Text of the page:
Prince Philip spent much of his life helping to promote charities and projects for good, but of all his patronages the one he will probably be best remembered for is the awards scheme set-up in his name.
The Duke of Edinburgh’s Award (DofE) has challenged and empowered young people for 65 years.
The scheme was founded by Prince Philip in 1956 to encourage those from all walks of life to gain life skills, volunteering experience and take on a physically challenging expedition.
The Duke went to a school in Scotland where the ideas behind the Duke of Edinburgh Award really started. That idea of service, of developing skills, physical resilience and going out on expeditions.
The DofE awards are split into three separate stages - bronze, silver and gold - and it is open to anyone aged between 14 and 24.
Since it began in 1956, thousands of people from Jersey and Guernsey have got involved.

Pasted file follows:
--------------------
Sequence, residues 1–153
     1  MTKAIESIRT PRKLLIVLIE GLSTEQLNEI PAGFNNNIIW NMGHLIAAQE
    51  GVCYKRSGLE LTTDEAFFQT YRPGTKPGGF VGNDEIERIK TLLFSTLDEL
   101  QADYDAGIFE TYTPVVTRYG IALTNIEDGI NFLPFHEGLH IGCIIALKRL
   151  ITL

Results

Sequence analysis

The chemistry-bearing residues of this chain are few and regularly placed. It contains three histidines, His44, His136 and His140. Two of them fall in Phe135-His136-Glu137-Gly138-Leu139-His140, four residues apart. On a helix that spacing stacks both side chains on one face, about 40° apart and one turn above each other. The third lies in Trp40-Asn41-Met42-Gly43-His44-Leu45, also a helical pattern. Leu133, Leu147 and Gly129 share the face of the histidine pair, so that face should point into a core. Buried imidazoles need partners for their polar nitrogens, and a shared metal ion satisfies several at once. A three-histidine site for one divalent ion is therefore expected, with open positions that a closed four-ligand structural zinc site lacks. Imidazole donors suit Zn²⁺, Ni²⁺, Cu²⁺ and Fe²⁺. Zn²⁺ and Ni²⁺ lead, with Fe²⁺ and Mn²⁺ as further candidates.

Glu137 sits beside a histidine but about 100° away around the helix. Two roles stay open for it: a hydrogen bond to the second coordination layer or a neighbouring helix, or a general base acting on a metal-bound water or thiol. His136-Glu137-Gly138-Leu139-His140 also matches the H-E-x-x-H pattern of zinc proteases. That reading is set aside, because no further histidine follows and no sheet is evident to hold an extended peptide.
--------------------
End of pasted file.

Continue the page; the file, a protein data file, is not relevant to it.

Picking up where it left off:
I thought it was just the expeditions to begin with. I didn't realise all the different things you have to do. But it's really rewarding. It's really nice that I've got involved in so many things.
I wanted to push myself and then just get active and meet new people. Just a good experience really and you're just experiencing different things with different points of views, different companies, different people you meet. It just broadens your horizons I think.
More than 3 million people in the UK have achieved a DofE award since it first began and it is now recognised as the world’s leading youth achievement award.
It's got such a legacy already. It's over 60 years old and it's still as significant and relevant today as it was 60 years ago. And I'm sure it will be in another 60 years time.